Biggest risk to young people with epilepsy is lack of understanding

New research reveals widespread stereotypes are putting young people with epilepsy at risk.
Young Epilepsy
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* Epilepsy
* Seizure
* Philip Martin Brown

* Non-profit

* Lingfield - Surrey - England

* Surveys

May 22, 2012 - PRLog -- New research published today by the charity Young Epilepsy reveals that young people are stigmatised, and their health and wellbeing are put at risk because many have a poor knowledge and understanding of the condition.

David Ford, Young Epilepsy’s Chief Executive said: ‘A major shift in awareness and understanding is the only thing that is going to improve this situation. We know that young people with epilepsy are getting a raw deal when it comes to education, employment and social interaction.’

‘This research reveals that people’s awareness is woefully low and as a result, they may inadvertently put young people at risk even though they are trying to do the right thing. The message for everyone is that a little understanding can go a long way towards making a difference to young lives with epilepsy.’

Young Epilepsy Ambassador Philip Martin Brown, who plays grumpy Grantly Budgen from hit BBC show Waterloo Road, said: ‘The research released by Young Epilepsy shows a belief I have long held: that there is still a great deal of stigma attached to a condition that affects over 112,000 children and young people aged 25 and under.’

‘I myself was diagnosed with epilepsy at the age of 19 and know firsthand the impact it can have on young lives. It almost cost me my acting career. That said, I still believe I am one of the lucky ones, but, as demonstrated by this report, there are many who aren’t so lucky. All young people deserve to be given the full and correct support and understanding in order to help them realise their own potential.’

Of over 1,000 UK adults who took part in the survey*:

•Only 1 in 3 would recognise going limp and dropping to the floor as a symptom of a seizure
•7 out of 10 people would recognise dropping to the floor and jerking around as a symptom of a seizure
•2 out of 3 people would not know that staring into space could be a sign of a seizure

When questioned about what they would do if they were with someone having a seizure:

•1 in 6 people would put something in the person’s mouth – a common misconception which can be dangerous for the person having a seizure
•42% would call an ambulance – which is not necessary unless it is the person’s first seizure or the seizure continues after 5 minutes
•1 in 10 said they would try and keep the person still – in fact you should not try and restrain the person at all, but you should support their head
•1 in 7 said they would not know what to do
•1 in 100 said they would throw water over the person

The survey also revealed widespread misunderstanding around social activities young people with epilepsy should not do.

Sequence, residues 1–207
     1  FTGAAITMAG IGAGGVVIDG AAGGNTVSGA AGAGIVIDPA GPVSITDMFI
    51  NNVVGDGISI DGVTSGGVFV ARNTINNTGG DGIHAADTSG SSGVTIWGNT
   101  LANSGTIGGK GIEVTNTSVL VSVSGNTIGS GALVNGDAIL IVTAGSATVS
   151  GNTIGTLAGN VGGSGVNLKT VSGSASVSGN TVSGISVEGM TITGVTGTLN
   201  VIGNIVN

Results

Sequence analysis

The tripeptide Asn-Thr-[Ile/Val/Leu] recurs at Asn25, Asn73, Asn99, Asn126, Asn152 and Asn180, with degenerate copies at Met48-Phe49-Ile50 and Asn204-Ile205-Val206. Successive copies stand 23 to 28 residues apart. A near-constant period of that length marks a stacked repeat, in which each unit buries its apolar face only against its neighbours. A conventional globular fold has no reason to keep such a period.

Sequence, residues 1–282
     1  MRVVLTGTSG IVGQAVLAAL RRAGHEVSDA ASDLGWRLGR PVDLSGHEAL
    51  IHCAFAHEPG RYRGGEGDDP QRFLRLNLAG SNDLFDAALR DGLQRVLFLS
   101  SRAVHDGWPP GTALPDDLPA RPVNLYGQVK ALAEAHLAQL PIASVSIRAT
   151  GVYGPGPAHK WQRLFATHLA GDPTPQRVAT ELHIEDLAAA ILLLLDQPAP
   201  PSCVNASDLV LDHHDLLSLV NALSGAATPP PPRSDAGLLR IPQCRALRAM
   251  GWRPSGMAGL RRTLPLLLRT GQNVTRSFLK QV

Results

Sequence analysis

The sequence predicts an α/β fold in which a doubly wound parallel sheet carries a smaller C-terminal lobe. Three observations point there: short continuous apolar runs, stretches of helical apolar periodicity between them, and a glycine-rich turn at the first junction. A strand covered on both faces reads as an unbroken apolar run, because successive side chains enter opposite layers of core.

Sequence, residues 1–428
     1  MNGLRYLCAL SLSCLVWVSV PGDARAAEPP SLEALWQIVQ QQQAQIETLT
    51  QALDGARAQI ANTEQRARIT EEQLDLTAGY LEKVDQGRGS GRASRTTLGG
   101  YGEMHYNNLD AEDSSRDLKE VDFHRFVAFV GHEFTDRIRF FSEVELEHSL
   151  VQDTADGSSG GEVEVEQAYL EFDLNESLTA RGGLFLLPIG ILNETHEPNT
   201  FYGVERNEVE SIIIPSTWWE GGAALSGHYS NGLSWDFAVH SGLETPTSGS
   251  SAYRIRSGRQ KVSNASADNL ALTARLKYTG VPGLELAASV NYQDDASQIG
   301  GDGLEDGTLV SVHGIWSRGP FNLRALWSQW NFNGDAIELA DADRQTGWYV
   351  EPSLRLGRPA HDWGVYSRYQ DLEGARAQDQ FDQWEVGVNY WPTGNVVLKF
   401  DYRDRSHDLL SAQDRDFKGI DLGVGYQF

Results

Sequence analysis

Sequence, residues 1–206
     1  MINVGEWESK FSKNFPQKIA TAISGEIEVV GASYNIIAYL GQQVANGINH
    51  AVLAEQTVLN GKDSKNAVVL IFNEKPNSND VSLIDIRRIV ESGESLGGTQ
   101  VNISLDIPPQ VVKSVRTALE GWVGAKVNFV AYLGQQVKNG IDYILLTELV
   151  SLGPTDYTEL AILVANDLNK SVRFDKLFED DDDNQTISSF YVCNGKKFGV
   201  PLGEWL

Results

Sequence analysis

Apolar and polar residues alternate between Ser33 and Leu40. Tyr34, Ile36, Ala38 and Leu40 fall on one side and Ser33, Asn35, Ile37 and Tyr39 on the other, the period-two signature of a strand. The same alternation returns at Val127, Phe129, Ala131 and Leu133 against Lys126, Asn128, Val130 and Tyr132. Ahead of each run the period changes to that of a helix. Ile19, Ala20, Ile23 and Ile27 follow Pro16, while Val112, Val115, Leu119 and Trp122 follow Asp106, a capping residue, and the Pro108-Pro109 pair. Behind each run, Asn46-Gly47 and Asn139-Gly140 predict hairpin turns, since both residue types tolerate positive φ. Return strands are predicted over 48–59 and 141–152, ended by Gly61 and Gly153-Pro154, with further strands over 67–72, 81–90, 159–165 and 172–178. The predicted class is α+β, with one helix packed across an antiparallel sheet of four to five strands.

•1 in 5 thought young people with epilepsy should not go to discos/nightclubs
•1 in 10 said no to using computer games
•1 in 10 didn’t think they should go to gigs
•More than 1 in 20 thought they could not go swimming or horse riding
•Around 1 in 30 thought young people with epilepsy should not:
  ◦Watch HD TV
  ◦Go to the cinema
  ◦Play in bouncy castles
  ◦Ride a bike
  ◦Use swings/slides or climbing frames
•Around 1 in 40 people thought they should not use a computer

David Ford said: ‘Many people try very hard to do the right thing but end up doing the exact opposite. We often hear stories of a young person with epilepsy being excluded from activities such as swimming or attending school trips because of concerns over health and safety.’

‘This approach just leads to the individual being isolated and can have a serious impact on their self confidence and mental health. A young person with epilepsy is four times more likely to have a psychological condition such as depression than someone with another common long-term health condition like diabetes and they are 50% more likely to underachieve at school. The truth is these problems can usually be avoided; if a few simple precautions are taken there is no reason why a young person with epilepsy cannot participate in all the usual activities their peers enjoy and this helps no end with their personal development.’

Epilepsy is the most common serious childhood neurological condition and affects around 112,000 people aged 25 and under.

Young Epilepsy has free information available to anyone that needs to know more about epilepsy including handbooks, seizure diaries and online videos. The charity provides training courses across the UK aimed at health, education and social care professionals. It also provides medical services plus operates a specialist school and college at its Surrey headquarters.


*The research for Young Epilepsy was carried out online by Opinion Matters between 01/05/2012 and 04/05/2012 amongst a panel resulting in 1,007 adult respondents. All research conducted adheres to the MRS Codes of Conduct (2010) in the UK and ICC/ESOMAR World Research Guidelines. Opinion Matters is registered with the Information Commissioner's Office and is fully compliant with the Data Protection Act (1998).
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